The primary type of white blood cell involved in inflammation.

The systematic approach to characterize all proteins in a given cell population. Mass Spectrometry (MS) is widely considered to be the central technology platform for toxicoproteomics. MS has brought many advantages to the advancement of toxicoproteomics including unsurpassed sensitivity and improved speed and the ability to produce High Throughput datasets. Due to the high accuracy of MS, peptides in the femtomolar to attomolar range can be detected in tissues and biological matrices with an accuracy level of less than 10 parts per million (ppm). This is greatly beneficial in comparative analysis where simultaneous comparisons between control and treated samples are key to increase our understanding of how stimuli affect the proteome.

Prototypic modified risk tobacco product (pMRTP)
See MRTP definition.

Reduced risk product (RRP)
Reduced-Risk Products (“RRPs”) is the term we use to refer to products that present, are likely to present, or have the potential to present less risk of harm to smokers who switch to these products versus continued smoking. We have a range of RRPs in various stages of development, scientific assessment and commercialization. Because our RRPs do not burn tobacco, they produce far lower quantities of harmful and potentially harmful compounds than found in cigarette smoke.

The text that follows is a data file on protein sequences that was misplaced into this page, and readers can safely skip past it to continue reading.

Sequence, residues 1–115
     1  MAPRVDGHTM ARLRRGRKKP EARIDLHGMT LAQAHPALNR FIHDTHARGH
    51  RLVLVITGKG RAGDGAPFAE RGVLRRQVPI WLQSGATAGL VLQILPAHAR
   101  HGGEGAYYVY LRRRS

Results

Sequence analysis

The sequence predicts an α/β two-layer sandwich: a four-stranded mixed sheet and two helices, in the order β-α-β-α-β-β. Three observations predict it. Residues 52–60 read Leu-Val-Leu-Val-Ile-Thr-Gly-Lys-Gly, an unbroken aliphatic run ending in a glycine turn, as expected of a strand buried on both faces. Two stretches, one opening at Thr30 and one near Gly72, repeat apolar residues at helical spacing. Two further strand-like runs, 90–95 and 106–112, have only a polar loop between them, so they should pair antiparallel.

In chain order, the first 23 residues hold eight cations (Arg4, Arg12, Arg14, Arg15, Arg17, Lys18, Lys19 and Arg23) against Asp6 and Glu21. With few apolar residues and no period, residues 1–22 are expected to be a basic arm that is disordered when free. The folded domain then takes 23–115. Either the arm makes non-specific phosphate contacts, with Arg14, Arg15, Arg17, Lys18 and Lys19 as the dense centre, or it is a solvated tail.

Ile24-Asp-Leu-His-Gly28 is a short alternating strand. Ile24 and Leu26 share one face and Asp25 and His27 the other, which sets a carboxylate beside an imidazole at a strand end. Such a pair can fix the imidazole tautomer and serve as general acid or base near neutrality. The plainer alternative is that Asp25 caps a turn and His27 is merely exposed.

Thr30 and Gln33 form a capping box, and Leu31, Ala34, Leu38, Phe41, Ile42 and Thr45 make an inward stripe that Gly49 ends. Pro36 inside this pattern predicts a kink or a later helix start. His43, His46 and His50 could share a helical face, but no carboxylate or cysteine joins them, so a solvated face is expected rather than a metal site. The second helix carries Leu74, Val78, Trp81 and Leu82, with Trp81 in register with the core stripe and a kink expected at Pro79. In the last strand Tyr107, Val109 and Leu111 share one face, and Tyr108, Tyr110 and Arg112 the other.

Reverse phase protein assay (RPA)
An antibody-based platform, in which protein lysates are spotted on a glass slide and incubated with a primary antibody followed by a secondary antibody that has a fluorescent tag. The interactions are detected using fluorescence reader.

A SciPi is a specialized survey for scientists to weigh in with their opinion on important topics. Learn More at

Indicates that a test system has been exposed to fresh air instead of cigarette smoke, the data from which is used as a negative control.

Systems toxicology
Systems Toxicology is the integration of classical toxicology with quantitative analysis of large networks of molecular and functional changes occurring across multiple levels of biological organization.

Tobacco Heating System (THS)
THS electrically heats tobacco without combustion to generate an aerosol that mainly contains water, glycerin, nicotine, and tobacco flavors. The electronically controlled heating technology is designed to avoid tobacco combustion, and in turn, reduce the formation of harmful and potentially harmful constituents (HPHCs).

Total particulate matter (TPM)

Total particulate matter is a specific term for the particle fraction trapped from an aerosol, especially from cigarette smoke. Cigarette smoke TPM contains most of the nicotine from a cigarette.

Also known as gene expression profiling, transcriptomics is used to study changes in gene expression taking into account the entire transcriptome, i.e., all RNAs in a cell population. Frequent methodologies utilize Gene-Chip and RNA-seq technologies.